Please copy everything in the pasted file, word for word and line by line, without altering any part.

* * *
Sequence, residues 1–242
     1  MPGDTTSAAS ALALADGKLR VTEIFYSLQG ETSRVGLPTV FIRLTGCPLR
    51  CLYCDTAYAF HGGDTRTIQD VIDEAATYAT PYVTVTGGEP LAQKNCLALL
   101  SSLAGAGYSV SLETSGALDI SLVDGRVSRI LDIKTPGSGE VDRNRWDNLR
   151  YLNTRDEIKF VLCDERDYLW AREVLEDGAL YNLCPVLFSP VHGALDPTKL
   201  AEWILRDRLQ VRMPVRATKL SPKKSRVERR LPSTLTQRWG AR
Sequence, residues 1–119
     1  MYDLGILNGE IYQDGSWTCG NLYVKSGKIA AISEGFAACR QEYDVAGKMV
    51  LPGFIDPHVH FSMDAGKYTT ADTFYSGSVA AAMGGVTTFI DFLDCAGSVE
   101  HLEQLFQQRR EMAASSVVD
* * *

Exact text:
Sequence, residues 1–242
     1  MPGDTTSAAS ALALADGKLR VTEIFYSLQG ETSRVGLPTV FIRLTGCPLR
    51  CLYCDTAYAF HGGDTRTIQD VIDEAATYAT PYVTVTGGEP LAQKNCLALL
   101  SSLAGAGYSV SLETSGALDI SLVDGRVSRI LDIKTPGSGE VDRNRWDNLR
   151  YLNTRDEIKF VLCDERDYLW AREVLEDGAL YNLCPVLFSP VHGALDPTKL
   201  AEWILRDRLQ VRMPVRATKL SPKKSRVERR LPSTLTQRWG AR
Sequence, residues 1–119
     1  MYDLGILNGE IYQDGSWTCG NLYVKSGKIA AISEGFAACR QEYDVAGKMV
    51  LPGFIDPHVH FSMDAGKYTT ADTFYSGSVA AAMGGVTTFI DFLDCAGSVE
   101  HLEQLFQQRR EMAASSVVD